In his 1973 article, Holger Schmidt argues persuasively for a clear correlation between Viking architecture and extant representations of housing. He points to several images of Viking houses, in addition to his analysis of hogbacks. Each of the depictions he chooses share features of a roofline that is more or less curved, and most include shingling and/or a central archway or high door. The most convincing two-dimensional parallel appears on the Birka coin, c. 800, which displays each of these attributes, and also includes two beasts perched on the gables looking inward, recalling the hogback’s endbeasts. His most house-like three-dimensional representation is a bronze model of a house on top of an iron rod found in a 10th century grave in Klinda, Öland. The house is rectangular, not ovalesque in plan, but it has a curved roofline. On the buttresses at the corners of the house are beast-shaped finials.
Schmidt also sees the Cammin casket as a representation of a house. It too has a curved roof, projecting beast shapes, and is ovalesque in form. But unlike other house images, the Cammin casket has no other architectural references, such as shingling or an arched door, making it difficult to see as a house form, but clearly analogous in shape to the hogback. To me, this comparison troubles the reading of the hogback as a depiction of Viking housing. It is difficult and perilous to interpret any of these house-like forms as actual or accurate depictions of houses. While I believe this evidence makes it safe to conclude that Viking housing had curved roofs, or rather, that the curved “roofline” was a prevalent feature to the Viking sensibility, that does not necessitate that every curved “roof” found in contemporary objects depicts houses. Clearly, two commonalities were integral to the visual vocabulary of Viking imagery—the curved roof, and projecting beast forms.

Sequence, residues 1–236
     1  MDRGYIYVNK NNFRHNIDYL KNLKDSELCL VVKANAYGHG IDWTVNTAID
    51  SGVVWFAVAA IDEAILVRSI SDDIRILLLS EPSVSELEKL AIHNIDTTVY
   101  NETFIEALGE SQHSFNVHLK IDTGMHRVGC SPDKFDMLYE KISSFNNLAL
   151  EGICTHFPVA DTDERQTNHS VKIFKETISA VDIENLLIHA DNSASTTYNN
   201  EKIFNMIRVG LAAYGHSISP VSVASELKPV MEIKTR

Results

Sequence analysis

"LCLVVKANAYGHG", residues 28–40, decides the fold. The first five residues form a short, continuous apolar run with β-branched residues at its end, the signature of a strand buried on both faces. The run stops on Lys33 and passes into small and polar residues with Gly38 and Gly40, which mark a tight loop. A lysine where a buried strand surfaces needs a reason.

The purpose or meaning of these beast forms continues to confound scholars. Frequently, they have been employed in attempts to determine chronology. Lang tentatively proposes that earlier hogbacks display naturalistic endbeasts, which later devolve into stylized creatures and eventually disappear altogether. Richard Bailey considers the opposite chronology would be a more natural assumption, but discourages that as well. “There is no reason to believe that hogbacks with end-beasts are later than those without. And it would be as easy to suggest a development from a bodiless animal to a full-bodied beast as it would to propose the reverse.” So, we must content ourselves to analyze endbeasts for purposes other than chronology.